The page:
The Miller Park Tax has a drop dead date. Gov. Tony Evers on Wednesday signed the law that orders the tax to end on Aug. 31, 2020. 

“Today, I signed a bipartisan bill sunsetting the stadium tax at Miller Park,” Evers tweeted on Wednesday. “I look forward to continuing to work with the Brewers, folks in Milwaukee, and the local stakeholders to ensure the Brewers’ success for years to come.”

Wisconsin lawmakers approved the penny-per-dollar sales tax for people in the five counties surrounding Milwaukee in 1996 to help build Miller Park as a new home for the Brewers. Since then, taxpayers have paid more than $600 million. 

“Halleujiah! The tax is dead!” Sen. Van Wanggaard, R-Racine said. “This is a great day for taxpayers in southeastern Wisconsin and especially Racine County. As someone who has been working to end the tax for the last 9 years, I’m glad that we now have a date-certain end date for the tax.”

Lawmakers have been pushing to end the tax for a while, and local leaders agreed to end the tax sometime in 2020.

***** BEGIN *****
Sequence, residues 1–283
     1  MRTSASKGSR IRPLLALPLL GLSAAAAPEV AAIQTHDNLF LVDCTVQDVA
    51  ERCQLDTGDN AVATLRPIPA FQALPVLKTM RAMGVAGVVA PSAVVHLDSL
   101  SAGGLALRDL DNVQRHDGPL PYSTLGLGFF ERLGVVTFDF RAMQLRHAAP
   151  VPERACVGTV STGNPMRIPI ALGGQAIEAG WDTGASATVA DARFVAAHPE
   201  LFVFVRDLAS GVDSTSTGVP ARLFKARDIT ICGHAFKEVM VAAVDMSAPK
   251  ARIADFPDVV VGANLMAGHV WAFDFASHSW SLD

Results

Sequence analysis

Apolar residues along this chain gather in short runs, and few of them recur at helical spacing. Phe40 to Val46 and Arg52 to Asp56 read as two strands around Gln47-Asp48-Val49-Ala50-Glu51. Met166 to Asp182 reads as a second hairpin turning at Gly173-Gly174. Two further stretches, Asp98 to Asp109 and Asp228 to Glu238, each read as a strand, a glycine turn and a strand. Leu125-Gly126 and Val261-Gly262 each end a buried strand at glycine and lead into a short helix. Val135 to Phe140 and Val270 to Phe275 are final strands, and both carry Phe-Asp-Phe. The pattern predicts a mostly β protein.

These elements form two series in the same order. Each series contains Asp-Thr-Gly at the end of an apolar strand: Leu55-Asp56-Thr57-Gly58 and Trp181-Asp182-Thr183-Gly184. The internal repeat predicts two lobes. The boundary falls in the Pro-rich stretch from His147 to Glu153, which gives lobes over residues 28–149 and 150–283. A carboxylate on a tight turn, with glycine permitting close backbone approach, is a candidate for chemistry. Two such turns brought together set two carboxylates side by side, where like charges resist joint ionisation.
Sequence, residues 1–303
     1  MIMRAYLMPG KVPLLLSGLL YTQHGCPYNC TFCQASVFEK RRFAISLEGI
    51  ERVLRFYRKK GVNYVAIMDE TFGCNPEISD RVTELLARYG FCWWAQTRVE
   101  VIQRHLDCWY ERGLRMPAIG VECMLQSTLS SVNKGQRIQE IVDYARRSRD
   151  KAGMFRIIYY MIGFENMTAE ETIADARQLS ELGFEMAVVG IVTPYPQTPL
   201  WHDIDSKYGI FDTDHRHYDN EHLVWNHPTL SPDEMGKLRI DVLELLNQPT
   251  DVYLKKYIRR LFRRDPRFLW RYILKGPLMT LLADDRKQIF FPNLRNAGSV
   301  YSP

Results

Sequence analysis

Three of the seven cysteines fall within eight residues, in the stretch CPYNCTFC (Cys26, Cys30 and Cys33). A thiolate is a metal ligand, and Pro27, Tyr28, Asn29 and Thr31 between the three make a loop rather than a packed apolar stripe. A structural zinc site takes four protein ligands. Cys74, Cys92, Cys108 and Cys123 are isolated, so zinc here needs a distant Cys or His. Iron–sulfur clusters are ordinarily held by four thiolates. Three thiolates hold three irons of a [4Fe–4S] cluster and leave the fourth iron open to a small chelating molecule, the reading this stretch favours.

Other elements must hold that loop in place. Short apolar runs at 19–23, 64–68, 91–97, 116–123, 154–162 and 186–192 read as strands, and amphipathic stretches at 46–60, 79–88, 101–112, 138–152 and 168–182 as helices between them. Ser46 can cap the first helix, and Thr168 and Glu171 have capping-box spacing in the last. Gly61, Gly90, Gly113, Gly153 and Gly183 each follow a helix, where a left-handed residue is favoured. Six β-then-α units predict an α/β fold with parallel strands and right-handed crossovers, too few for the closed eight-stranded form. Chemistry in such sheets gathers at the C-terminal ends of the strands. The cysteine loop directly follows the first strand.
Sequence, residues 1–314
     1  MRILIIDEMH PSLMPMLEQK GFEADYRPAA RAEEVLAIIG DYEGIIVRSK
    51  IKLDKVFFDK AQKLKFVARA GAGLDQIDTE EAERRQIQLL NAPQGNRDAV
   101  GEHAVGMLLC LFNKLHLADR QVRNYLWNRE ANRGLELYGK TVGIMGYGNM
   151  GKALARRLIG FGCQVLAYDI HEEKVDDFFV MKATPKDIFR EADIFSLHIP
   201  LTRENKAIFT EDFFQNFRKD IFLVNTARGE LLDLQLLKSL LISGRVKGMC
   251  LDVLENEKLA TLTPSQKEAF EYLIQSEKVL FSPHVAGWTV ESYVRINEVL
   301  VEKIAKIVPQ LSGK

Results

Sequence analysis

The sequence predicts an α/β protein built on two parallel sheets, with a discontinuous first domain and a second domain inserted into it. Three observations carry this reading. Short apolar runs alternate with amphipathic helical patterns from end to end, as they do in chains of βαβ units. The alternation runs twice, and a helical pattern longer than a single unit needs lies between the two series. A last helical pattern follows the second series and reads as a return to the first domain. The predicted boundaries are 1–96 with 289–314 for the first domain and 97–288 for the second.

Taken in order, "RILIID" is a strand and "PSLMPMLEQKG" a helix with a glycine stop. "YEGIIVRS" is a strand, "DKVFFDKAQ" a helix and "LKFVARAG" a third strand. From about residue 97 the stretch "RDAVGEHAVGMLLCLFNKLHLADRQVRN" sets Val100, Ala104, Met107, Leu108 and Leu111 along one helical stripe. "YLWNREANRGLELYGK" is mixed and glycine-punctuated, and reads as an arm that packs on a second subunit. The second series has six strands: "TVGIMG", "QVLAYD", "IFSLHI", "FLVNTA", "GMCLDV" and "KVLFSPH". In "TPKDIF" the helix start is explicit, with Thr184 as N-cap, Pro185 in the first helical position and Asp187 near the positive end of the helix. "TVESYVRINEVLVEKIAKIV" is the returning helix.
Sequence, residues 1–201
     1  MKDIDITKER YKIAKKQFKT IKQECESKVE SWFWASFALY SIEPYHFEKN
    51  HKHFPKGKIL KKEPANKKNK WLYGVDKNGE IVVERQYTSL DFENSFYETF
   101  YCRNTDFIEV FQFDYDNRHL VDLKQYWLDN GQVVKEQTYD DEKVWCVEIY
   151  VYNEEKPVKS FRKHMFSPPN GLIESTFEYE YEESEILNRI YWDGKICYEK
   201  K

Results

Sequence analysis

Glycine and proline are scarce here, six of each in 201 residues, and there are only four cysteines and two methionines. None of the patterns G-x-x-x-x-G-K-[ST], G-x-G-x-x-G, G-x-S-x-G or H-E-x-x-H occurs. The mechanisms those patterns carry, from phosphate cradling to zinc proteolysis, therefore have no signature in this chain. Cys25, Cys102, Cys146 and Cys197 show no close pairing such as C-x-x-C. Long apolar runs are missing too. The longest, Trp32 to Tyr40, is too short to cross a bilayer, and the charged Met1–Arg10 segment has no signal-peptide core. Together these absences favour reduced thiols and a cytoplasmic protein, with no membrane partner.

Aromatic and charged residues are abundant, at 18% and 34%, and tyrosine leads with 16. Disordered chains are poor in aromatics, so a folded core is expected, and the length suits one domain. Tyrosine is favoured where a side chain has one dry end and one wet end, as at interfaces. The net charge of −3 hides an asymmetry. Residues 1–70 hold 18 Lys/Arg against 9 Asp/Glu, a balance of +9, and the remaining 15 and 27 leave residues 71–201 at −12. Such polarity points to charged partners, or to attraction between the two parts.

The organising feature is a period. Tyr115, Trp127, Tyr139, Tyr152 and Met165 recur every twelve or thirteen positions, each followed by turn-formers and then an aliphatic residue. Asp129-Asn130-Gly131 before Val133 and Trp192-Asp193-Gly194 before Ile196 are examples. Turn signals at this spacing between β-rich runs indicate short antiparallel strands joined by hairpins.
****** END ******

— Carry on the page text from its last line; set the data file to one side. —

The new law sets an official date in late August. 

“After 24 years and nearly $600 million, taxpayers know that they have paid more than their share to keep baseball in Wisconsin,” Wanggaard said. “I’m glad that Gov. Evers and every legislator listened to the taxpayers and agreed.”

The law the governor signed makes it clear that that the Southeast Wisconsin Professional Baseball District may not incur any new obligations once the sales and use tax is no longer collected, and that each of the five counties must use any excess collection revenues for property tax relief, public safety, parks and recreation, or economic development. 

Benjamin Yount reports on Illinois and Wisconsin statewide issues for The Center Square. Reposted with permission.

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